Tryon water plant supt. discusses drought status
Published 4:02 pm Tuesday, June 17, 2008
Editor&squo;s note: Betty Jones, the water plant superintendent for the Town of Tryon, provides the following update on the drought
by Betty Jones
Are we still under water restrictions? This is a question I&squo;ve been asked quite frequently in the last few weeks. The answer is a resounding yes.
I have also been asked, &dquo;Do we have a drought again this year?&dquo; Actually, we are not experiencing a new drought. We are dealing with a continuing drought that began in the spring of 2007 and is the worst drought in recorded history in North Carolina.
Droughts have classifications of D1 through D4, with D4 being the worst. The summer of 2007 saw a classification of D4. As fall came we received a bit more rainfall, and the classification dropped to D3 in September. In October the classification varied from D4 to D3 with the month ending at D4. We remained at D4 until the last week of February 2008, when we finally dropped back to D3.
By the second week of April 2008 the classification dropped to a D2. You might think it is wonderful to finally see this lower rating. But when you look at all the classifications, and what each one means, you&squo;ll see that a classification of D2 is considered to be a severe drought. Listed below are all the classifications and what each means:
D0 ‐ Abnormally Dry
D1 ‐ Moderate Drought
D2 ‐ Severe Drought
D3 ‐ Extreme Drought
D4 ‐ Exceptional Drought
Let&squo;s get back to our drought now. The last week of April 2008 saw the classification move back up to D3 or Extreme Drought, which is where we currently are.
We ended 2007 with a precipitation deficit of 23.55 inches (based on a 5-year average) for the year. Precipitation for our area is below average through May 2008. The six-year monthly average from 2002 through 2007 is 5.18 inches. So far in 2008 our monthly average is 3.84 inches which calculates to 1.34 inches below the six year monthly average.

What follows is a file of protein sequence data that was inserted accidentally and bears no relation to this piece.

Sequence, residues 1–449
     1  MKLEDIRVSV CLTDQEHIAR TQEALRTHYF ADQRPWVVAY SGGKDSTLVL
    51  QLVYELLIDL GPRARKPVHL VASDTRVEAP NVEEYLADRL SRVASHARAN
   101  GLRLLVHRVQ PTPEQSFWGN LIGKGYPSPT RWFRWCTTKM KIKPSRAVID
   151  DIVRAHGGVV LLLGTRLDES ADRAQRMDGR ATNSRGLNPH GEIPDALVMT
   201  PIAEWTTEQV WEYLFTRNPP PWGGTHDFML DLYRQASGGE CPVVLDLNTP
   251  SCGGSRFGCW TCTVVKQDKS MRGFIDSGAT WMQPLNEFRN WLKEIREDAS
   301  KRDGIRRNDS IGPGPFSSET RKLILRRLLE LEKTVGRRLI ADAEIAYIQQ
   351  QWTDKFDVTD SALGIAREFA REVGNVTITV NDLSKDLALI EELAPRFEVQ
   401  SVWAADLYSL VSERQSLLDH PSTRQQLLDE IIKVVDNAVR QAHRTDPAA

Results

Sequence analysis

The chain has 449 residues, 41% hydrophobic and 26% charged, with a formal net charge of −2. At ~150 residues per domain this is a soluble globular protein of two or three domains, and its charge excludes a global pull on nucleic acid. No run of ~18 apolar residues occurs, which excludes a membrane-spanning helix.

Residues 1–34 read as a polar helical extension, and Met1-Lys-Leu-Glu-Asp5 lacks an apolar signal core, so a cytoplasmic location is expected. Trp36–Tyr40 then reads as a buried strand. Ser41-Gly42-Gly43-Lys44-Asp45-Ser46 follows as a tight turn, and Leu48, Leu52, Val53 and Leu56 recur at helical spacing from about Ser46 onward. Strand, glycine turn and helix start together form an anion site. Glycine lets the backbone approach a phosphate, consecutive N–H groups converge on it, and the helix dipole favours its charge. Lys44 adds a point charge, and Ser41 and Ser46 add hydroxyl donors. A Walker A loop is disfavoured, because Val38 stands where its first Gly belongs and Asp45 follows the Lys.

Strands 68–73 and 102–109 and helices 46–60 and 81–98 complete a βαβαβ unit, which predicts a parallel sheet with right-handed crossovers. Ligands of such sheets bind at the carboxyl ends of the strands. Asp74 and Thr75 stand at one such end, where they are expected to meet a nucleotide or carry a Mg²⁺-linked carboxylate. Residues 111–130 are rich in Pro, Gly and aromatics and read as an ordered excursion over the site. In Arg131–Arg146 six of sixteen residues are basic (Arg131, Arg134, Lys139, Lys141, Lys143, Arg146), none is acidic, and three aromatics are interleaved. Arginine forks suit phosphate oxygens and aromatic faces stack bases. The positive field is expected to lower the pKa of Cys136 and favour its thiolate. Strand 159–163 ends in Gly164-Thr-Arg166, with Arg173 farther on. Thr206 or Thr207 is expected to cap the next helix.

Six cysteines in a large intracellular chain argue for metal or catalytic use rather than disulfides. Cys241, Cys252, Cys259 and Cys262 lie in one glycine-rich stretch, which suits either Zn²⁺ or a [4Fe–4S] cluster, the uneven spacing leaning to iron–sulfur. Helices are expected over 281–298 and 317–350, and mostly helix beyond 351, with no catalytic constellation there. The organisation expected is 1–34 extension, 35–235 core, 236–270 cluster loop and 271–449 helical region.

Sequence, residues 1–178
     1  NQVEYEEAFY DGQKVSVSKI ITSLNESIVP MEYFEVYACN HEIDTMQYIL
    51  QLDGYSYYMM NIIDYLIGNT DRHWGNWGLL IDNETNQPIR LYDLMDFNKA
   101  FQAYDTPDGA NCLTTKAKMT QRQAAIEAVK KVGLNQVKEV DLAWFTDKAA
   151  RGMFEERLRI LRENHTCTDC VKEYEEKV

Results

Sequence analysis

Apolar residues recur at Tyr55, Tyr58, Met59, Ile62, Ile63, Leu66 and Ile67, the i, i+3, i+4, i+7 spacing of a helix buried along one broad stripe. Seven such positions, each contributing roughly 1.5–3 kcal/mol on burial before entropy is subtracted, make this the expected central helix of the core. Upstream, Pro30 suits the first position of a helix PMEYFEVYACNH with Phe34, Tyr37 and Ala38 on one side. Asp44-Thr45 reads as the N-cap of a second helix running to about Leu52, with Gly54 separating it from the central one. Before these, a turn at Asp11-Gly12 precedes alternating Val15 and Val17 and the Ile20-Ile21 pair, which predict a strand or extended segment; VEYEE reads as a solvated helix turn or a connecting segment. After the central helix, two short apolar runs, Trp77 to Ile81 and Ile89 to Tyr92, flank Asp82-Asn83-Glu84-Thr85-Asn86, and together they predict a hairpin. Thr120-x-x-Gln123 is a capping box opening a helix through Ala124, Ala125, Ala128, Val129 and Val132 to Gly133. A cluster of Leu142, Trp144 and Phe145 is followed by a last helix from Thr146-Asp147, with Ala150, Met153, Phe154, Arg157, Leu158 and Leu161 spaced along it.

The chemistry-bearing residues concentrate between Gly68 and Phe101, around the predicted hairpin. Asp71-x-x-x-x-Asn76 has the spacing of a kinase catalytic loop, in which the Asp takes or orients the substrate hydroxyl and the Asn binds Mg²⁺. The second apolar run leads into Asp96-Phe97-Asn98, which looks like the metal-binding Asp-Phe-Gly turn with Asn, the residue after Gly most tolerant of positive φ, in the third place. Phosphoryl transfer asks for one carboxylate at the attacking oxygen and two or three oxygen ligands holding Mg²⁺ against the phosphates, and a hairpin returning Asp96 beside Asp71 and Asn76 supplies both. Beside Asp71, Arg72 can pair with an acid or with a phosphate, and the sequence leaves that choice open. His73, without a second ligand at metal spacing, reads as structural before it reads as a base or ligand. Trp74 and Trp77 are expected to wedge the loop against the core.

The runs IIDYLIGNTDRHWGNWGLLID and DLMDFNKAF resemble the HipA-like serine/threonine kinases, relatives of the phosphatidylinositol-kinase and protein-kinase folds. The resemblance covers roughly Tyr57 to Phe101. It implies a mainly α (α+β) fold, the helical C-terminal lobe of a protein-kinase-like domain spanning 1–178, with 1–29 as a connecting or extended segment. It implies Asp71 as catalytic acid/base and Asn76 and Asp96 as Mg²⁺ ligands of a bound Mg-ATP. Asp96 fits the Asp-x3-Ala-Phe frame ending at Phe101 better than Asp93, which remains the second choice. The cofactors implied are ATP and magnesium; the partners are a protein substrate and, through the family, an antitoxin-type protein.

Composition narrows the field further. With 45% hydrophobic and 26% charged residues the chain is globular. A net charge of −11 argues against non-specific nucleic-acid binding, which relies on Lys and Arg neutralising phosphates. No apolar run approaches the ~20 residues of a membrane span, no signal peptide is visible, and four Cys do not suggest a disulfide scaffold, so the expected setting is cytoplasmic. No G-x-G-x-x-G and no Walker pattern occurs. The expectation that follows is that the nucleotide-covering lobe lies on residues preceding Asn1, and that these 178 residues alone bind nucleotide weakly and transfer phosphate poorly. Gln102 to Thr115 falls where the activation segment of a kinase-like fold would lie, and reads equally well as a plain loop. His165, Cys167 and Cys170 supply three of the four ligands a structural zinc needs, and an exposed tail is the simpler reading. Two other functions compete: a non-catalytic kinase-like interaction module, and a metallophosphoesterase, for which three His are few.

What does all this data mean? It means that we still need to be responsible when using the water we have. The days of using treated water for anything and everything are gone. On June 11 there was hardly any overflow at the Lake Lanier Dam. We received 0.60 inches of rain overnight on the 11th and by early morning on the 12th we had a small amount of overflow. We all should be finding ways to conserve our treated water so that we have enough to go around. Last but not least, it means we are still under Stage II Mandatory water restrictions here in Tryon, NC.
During this Stage II (Mandatory) condition, it shall be unlawful for those served by the Town of Tryon&squo;s water system:
(1) To water lawns, grass, shrubbery, trees, flowers and vegetable gardens except by hand held hose or container or drip irrigation system.
(2) To fill newly constructed swimming and/or wading pools or refill swimming and/or wading pools which have been drained.
(3) to wash automobiles, trucks, trailers, boats, airplanes, or any other type of mobile equipment, including commercial washing.
(4) To wash outside areas such as streets, driveways, service station aprons, parking lots, office buildings, exteriors of existing or newly constructed homes or apartments, sidewalks or patios, or to use water for similar purposes.
(5) To use water from public or private fire hydrants for any purpose other than fire suppression or other public emergency.
(6) To operate or introduce water into any ornamental fountain, pool, or pond or other structure making similar use of water.
(7) To serve drinking water in restaurants, cafeterias or other food establishments, except upon request.
(8) To operate water-cooled air conditioners or other equipment that does not recycle cooling water, except when health and safety are adversely affected.
(9) Use water for unnecessary purpose or intentionally waste water.
(10) To use water for industrial purposes in an amount in excess of that amount set by the town manager.
Any violation of the Stage II guidelines shall constitute a misdemeanor, punishable upon conviction by a fine or imprisonment. Willful disregard of Stage I and/or Stage II guidelines will also result in water service being temporarily disconnected. A reconnect fee will be imposed before restoration of service. While under Stage II restrictions, Stage I restrictions remain in place.
The Town of Tryon water system customers have rallied to the call to conserve and it does not go unnoticed. Every gallon saved is appreciated and we ask that each person continue their conservation efforts.
For weekly updates on the drought situation and water saving tips please visit Governor Easley&squo;s website, SaveWaterNC at http://www.savewaternc.org/. One additional tip not mentioned at the website is to put containers in the shower with you to catch water as you shower. Save this water for your plants.